It's an odd thing. Gustav Mahler could work only in complete silence. Sounds from across a lake, a local bandstand, a bird dancing on the eaves would drive him into a rage. He complained endlessly about it as he tried to complete his fourth symphony in 1900: the noise of nature and reality, the "barbarity of the outside world", as he called it.
He fled each summer to the tiny village of Maiemigg, on the Worthersee in southern Austria, to compose in total seclusion and total peace. in a wooden hut that he had built in the middle of a forest — his Komponierhauschen.
Even here, in a sealed nowhere, things would get to him.
But it's odd. Mahler's music seems infused with every smudge and crease and stain of sonic reality, particularly the sonic reality of country living. How could someone who appeared to filch reality's sounds so object to reality's generous hubbub?
But then maybe he didn't filch from the world. Maybe the idea that his music is a mere soundtrack or tracing of reality is wrong.
Mahler, after all, was not an impressionist but a romantic. He was not charting reality through aural metaphors but conjuring up a unique world all of his own. He was creating his own space, using his own musical language, as variegated and diffuse and fractured and lyrical as our own, but crucially not our own.
Mahler was not trying to imitate our world at all. His sonic landscapes live parallel to the real one, in competition with it, not nestled in it. Maybe this is why those birds him so angry. Or perhaps they really were barbarous.
What would he have made of the lesser-spotted Valery Gergiev landing on his score? The Russian was conducting Mahler's first and fourth symphonies with the London Symphony Orchestra at the Barbican Hall last weekend.
And Gergiev, as usual, was adding his own acoustic effects. Competitive sucks, tensed grunts and humming. All very loud, and a match for the orchestra at times.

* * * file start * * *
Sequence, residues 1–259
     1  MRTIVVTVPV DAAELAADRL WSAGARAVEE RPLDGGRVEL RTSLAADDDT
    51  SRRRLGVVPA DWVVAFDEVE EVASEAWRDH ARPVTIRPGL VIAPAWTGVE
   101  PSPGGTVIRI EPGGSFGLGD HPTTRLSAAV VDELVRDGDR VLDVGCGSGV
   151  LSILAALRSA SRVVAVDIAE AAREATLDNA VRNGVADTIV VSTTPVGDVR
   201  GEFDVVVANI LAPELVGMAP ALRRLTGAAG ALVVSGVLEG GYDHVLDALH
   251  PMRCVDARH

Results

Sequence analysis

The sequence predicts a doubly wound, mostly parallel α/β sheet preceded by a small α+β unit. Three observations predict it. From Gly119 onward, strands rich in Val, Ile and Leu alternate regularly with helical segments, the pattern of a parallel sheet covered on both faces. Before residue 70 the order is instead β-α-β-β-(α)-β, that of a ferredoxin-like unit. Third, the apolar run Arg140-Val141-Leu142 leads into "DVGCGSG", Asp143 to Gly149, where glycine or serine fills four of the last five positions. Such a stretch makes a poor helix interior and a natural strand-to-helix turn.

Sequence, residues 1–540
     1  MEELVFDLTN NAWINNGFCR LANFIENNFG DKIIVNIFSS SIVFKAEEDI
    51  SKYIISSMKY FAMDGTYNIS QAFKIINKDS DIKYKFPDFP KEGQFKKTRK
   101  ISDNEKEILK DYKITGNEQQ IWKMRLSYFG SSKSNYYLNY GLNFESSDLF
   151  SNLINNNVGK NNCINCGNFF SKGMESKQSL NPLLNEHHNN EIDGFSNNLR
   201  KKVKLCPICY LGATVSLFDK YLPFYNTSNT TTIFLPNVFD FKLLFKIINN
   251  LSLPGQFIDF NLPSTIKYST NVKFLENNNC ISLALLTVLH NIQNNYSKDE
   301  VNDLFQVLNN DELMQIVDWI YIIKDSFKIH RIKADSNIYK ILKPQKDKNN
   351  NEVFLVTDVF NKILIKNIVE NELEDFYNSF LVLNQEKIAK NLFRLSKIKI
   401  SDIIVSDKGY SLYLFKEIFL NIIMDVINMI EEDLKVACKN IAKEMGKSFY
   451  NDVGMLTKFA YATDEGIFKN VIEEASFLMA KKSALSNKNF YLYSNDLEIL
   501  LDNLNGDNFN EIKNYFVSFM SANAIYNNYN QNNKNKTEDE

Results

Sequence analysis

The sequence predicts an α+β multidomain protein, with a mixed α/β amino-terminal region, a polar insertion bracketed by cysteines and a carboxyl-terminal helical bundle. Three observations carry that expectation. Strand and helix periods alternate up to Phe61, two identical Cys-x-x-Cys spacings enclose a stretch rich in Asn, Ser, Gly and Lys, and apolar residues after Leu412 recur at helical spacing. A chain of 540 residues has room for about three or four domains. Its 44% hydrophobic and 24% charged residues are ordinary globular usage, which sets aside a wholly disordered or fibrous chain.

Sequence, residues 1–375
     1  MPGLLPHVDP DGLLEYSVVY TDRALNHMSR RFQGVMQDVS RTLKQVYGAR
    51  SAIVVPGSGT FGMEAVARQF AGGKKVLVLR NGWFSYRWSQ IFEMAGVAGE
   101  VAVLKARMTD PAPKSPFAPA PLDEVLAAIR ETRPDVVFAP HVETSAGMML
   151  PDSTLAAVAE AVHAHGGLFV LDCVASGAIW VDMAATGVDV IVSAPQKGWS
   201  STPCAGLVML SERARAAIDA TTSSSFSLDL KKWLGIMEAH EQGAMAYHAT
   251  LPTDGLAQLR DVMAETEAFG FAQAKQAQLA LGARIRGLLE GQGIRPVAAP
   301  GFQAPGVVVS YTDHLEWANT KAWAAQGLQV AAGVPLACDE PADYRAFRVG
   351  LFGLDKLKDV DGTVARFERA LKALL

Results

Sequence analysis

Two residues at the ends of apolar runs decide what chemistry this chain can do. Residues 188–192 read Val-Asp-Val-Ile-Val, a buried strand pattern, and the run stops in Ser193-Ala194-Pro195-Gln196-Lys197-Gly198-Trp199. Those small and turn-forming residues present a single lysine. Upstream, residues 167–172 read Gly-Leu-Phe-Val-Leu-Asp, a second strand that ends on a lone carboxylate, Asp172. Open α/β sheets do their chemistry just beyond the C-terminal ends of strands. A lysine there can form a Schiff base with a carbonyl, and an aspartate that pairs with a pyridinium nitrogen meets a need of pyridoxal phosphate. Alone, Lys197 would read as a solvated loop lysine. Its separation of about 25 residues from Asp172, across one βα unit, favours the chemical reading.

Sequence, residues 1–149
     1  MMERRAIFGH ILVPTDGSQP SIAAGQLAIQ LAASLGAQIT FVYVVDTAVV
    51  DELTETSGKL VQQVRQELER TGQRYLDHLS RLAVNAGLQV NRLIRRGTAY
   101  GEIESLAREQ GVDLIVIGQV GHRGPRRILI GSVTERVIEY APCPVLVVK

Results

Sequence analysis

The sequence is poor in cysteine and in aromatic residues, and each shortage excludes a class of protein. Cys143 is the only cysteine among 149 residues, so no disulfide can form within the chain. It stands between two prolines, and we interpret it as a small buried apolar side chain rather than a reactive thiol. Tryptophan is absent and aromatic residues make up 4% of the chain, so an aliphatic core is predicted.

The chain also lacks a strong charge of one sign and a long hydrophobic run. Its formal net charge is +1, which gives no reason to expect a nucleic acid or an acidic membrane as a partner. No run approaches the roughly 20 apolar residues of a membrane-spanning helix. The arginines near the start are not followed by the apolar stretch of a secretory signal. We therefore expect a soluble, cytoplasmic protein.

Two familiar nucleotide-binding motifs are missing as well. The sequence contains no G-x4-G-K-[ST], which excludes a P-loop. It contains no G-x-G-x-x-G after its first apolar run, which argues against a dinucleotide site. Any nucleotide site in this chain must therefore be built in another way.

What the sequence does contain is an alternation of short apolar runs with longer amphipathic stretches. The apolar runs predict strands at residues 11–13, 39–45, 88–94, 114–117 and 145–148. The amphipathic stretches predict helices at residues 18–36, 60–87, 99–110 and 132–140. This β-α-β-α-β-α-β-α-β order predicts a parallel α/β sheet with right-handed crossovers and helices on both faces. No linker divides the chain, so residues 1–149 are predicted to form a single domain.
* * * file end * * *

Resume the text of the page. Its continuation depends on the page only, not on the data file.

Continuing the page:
Admittedly these vocal excretions do seem to have a point — most of the time. Like a tennis player's grunts and squeaks and inhalations they are there to facilitate the shot or, in the case of Gergiev, convey the manner in which the orchestra should hit the next note. When it works — when the suck does elicit a softer landing or an attenuated end — then the act is breathtaking, a sort of magic. When it misses the mark, it's embarrassing.
In Mahler's first, the orchestra really played for him. The violins let rip, following Gergiev's bracing tempi all the way. The cello smothered each phrase lovingly. The flute trips and clarinet hooks that flitter in and out of the piece as if it's the Sorcerer :s Apprentice were a joy, beautifully phrased. The still heart of the whole symphony, however, was the whispered trio: a flighty, lustrous, quietly ecstatic wisp of a love-song that, for me, seemed to drive the whole piece.
The final movement was exhilarating. Awesome. It was met with a much deserved standing ovation.
In the fourth. awe was less abundant. Gergiev had his head buried in the score and beat a strict, slow, unyielding tempo, delivering each swoop and wave (tempi undulations that make this piece what it is) with as much grace as a 12-year-old's plotting of a parabola.
Again, it was precise but it was also very cold, very fragmented, a mechanical menagerie, like something Boulez might turn out, but without the conviction or thread.
Where was the charm, the naivety, the fun? Where was the sense — the sense you get in the amazing 1939 Mengelberg recording — of a child leading us through a theme park made of ice cream?
Having said all this, there were some interesting things: a long poetic line in the long adagio: some wonderful deep colours; and a whole number of pungent moments reminiscent of Shostokavich or Prokofiev.
The final movement, a vision of heaven seen through the eyes of a child. was sung unaffectedly by Laura Claycomb, though she seemed troubled by the phrasing of the recurring lilt that begins each stanza.
Appropriately the last bars are given over to the harp, its tolling bass notes, silk strings wrapped with wire. A sound somewhere between a thud and clunk. It's a Mahkrian speciality and Gergiev indulged us. allowing them to resound to their fullest.
There were two other pieces scheduled with the Mahler symphonies — neither very pleasant memories. Kavakos was overly can. flu l in the Sibelius violin concerto, Schonberg overly everything in his Pelleas and Melisande, an amusing and exhausting experience.
"He will never produce good elevator music," someone once said of Gergiev. In the fourth, Gergiev. nearly did.
But in the first we nearly missed our floor: a first-rate performance tc knock you down dead. Radio Three is playing it again at the end of the month. Whatever you do, don't miss it.